For the second year, I had the fun of chairing the committee that reads and selects the titles for this list. We look for books that will be good for discussion, midlist books that may not get the big bucks for publicity. Since we read many titles pre-pub, we sometimes include a title or two that does turn out to be a bestseller. We’ll live with that! The list is mainly fiction, but this year and last year we picked one memoir. Here’s a link to the Great Group Reads website with all the titles, annotations, and links to reviews and publishers’ websites. The readers come from around the country and we have a great virtual conversation about the books.
Great Group Reads is part of National Reading Group Month, which is sponsored by the Women’s National Book Association, a great group that’s been around since 1917, when a group of women–ticked off by the all-male Bookseller’s League’s no-women members policy–formed their own group. Still going strong after 93 years, there are chapters in cities around the country. The NYC chapter is the founding chapter, and we host networking and educational events for our members, a great group of authors, editors, agents, publishers, librarians, and others involved in the book world.
All the WNBA chapters host events for National Reading Group Month (October); I’m moderating an author panel for the NYC chapter’s event on October 19th at Greenlight Bookstore in Brooklyn, starting at 6:30 pm. Come if you can–the event is free and there will be donations of books from publishers, refreshments, and book signings afterwards. Since Brooklyn now seems to be author central, we have a great group of authors: Susan Henderson, Sheri Holman, Rick Moody, Jackson Taylor, and Emily St. John Mandel. There’s a little more detail on the WNBA website events page; I’ll have more information as it gets closer.
I was delighted to see a post about my book on Book Group Buzz, the Booklist blog, especially since I’ve just been thinking about the qualities that make a memoir appropriate for book discussion groups. For me, it’s the relationship between character and story. If you’ve read This Boy’s Life by Tobias Wolff, you’ll know what I mean. Wolff writes about his teenage years, when he’s trying on identities, giving in to bad impulses, hanging out with the wrong crowd but also dealing with his divorced mother and the series of wildly unsuitable stand-in fathers she lives with. His mother loves him, but she’s clueless about the appropriate way to bring up a child. His real father is a con artist who’s never on the scene. Wolff learns to define himself in opposition to his stepfather, making bad choices along the way, but he always has a dream, a core of himself that’s inviolate. Somehow he believes that despite his wildness, his acting out, he will escape unscathed into a better place; he’s somehow smarter, better, destined for other things. His memoir is far more than the recounting of abuse and bad choices that fuels so many dysfunctional family memoirs. Wolff’s self-awareness, his ability to make us understand how he fought to invent himself, and the way he uses humor to defuse and describe the most scary and poignant episodes give This Boy’s Life depth and style. It has always intrigued me that Wolff’s next book, Old School, picks up where This Boy’s Life leaves off, but the story continues as fiction. Hmm, now wouldn’t that be interesting for a book group–to read and discuss those books together.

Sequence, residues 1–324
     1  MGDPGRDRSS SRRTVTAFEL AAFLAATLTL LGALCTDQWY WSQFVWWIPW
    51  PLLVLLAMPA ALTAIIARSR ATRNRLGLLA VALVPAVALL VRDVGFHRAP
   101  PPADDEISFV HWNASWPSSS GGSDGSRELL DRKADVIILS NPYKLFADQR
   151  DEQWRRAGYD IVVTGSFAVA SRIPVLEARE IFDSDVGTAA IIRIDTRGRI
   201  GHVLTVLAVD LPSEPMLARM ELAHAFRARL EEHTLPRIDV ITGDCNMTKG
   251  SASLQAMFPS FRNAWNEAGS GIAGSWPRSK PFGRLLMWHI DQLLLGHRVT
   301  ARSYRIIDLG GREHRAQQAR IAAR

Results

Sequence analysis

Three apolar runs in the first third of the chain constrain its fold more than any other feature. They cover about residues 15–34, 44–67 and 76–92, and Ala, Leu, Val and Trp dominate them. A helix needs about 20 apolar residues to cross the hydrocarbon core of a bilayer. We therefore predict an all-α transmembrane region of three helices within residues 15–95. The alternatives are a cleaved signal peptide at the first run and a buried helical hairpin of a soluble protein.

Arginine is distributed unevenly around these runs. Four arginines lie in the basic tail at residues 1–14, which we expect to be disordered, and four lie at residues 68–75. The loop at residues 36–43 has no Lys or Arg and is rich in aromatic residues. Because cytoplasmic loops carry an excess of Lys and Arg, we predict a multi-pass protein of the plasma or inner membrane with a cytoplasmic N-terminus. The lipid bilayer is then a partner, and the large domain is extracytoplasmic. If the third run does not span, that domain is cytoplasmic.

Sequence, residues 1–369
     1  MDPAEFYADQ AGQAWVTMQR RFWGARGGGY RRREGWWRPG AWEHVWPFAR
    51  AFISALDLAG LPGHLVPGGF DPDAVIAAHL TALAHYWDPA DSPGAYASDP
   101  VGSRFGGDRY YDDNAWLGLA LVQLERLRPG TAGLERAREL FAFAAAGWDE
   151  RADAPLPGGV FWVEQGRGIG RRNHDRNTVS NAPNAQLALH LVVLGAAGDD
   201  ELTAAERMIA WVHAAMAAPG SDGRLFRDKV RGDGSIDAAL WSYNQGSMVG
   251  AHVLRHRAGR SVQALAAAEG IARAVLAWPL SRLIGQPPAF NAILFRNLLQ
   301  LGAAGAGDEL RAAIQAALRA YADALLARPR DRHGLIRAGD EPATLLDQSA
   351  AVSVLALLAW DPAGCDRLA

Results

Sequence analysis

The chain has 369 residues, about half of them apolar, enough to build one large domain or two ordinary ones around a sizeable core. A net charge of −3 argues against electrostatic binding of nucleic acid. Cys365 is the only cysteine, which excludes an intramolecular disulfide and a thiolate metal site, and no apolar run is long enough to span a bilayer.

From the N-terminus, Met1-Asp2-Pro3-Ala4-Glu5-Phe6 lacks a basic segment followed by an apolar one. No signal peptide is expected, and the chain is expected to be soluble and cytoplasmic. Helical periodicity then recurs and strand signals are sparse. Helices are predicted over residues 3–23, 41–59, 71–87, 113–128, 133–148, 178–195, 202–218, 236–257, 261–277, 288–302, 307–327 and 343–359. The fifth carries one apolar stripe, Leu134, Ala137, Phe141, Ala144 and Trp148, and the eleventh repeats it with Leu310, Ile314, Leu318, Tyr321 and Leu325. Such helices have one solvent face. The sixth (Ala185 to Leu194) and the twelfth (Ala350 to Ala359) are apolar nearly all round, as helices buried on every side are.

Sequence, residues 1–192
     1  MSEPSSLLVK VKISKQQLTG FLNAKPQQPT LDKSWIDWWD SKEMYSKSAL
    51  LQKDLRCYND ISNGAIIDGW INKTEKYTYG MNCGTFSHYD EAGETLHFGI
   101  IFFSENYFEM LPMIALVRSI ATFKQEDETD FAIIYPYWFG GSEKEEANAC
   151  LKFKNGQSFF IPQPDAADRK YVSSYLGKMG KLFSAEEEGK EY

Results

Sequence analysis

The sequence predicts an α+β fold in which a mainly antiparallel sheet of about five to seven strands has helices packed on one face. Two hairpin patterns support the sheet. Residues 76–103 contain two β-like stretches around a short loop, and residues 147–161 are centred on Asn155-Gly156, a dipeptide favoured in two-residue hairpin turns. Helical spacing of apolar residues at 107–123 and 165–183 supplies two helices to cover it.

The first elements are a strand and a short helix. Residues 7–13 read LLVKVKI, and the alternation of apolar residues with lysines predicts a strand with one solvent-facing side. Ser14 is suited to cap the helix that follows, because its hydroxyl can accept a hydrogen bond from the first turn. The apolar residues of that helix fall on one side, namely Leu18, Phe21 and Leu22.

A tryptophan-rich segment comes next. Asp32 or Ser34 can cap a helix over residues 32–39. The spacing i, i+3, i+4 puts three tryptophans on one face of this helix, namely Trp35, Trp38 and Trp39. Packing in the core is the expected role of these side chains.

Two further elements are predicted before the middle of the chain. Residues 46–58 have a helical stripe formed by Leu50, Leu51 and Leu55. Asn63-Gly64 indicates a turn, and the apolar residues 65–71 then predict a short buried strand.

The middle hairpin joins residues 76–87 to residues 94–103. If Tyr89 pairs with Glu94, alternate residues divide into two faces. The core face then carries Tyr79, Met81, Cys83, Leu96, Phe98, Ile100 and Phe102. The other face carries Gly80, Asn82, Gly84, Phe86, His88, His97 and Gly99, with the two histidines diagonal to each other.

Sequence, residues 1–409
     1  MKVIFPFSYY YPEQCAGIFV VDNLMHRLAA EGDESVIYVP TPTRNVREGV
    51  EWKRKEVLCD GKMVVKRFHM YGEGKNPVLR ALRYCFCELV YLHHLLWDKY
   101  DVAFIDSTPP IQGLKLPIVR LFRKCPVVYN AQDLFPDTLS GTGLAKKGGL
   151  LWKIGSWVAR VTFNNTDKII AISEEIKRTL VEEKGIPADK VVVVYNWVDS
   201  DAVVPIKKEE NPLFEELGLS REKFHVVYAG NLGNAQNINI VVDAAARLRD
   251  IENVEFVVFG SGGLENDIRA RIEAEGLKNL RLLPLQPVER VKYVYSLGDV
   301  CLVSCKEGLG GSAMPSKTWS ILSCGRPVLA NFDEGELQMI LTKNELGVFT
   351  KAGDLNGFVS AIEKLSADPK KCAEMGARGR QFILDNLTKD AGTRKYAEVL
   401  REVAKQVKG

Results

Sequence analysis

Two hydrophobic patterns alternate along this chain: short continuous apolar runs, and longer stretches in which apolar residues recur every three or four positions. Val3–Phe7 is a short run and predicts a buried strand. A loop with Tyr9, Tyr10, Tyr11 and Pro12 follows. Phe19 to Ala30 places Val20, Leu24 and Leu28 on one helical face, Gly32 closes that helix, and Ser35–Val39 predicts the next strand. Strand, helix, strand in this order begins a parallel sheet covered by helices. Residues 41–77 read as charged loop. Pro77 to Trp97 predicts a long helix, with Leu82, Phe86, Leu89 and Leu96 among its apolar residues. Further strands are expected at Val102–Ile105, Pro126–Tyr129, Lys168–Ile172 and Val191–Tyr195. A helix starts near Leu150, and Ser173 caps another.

I’ve put together the first of several reading lists of memoirs that I think book groups would enjoy discussing. It’s .pdf so you can print it off and take it with you.
At my book group, one of the best discussions we had was about the memoir She’s Not There: A Life in Two Genders by Jennifer Finney Boylan. We couldn’t stop turning it around, looking at it from various angles. It’s filled with great storytelling and wonderful set pieces about family and friends that are funny and emotionally piercing. Boylan is writing about her sexuality, the way she knew from age 3 that she was trapped in the wrong body, but while there’s pain and struggle to her story, it’s a joyous, eye-opening book.
There are so many memoirs that are ideal for book group discussion. I just did a Q&A session on this topic for the blog at ReadingGroupGuides.com with Shannon McKenna Schmidt, so you’ll find title suggestions there. There’s an icon in my book, Read On…Life Stories to identify memoirs that are good for book groups. I’ll come back to this topic in the next few weeks with more titles of memoirs that are great for discussion.
October is National Reading Group Month, a good time to think about books as tools for making connections among people. My mother was in a reading group for 40 years–a dozen women who met once a month in each other’s houses. They had a paid leader at the beginning, courtesy of a foundation that was promoting discussion groups in the 1930s, but they continued for many years without her, reading great books, eating (of course), and becoming fast friends. Book discussion groups do create community, there’s no doubt about that. They teach us to consider–even honor–other people’s points of view, something we could use more of in this world, right now.
I’m a member of a small nonfiction reading group–you can see our reading list. We struggle with how to pick our books, always wanting to find a great book that will promote meaningful discussion. But it turns out that even if the book doesn’t change our lives, the act of discussing it might. Getting together in someone’s kitchen or dining room and exchanging ideas, accommodating our very different approaches to literature, and our diverse life experiences turns out to be quite satisfying. Maybe it’s the particular group members, but I suspect it’s also the exchange of ideas, even on the evenings when we don’t feel inspired or brilliant. Is that your experience too?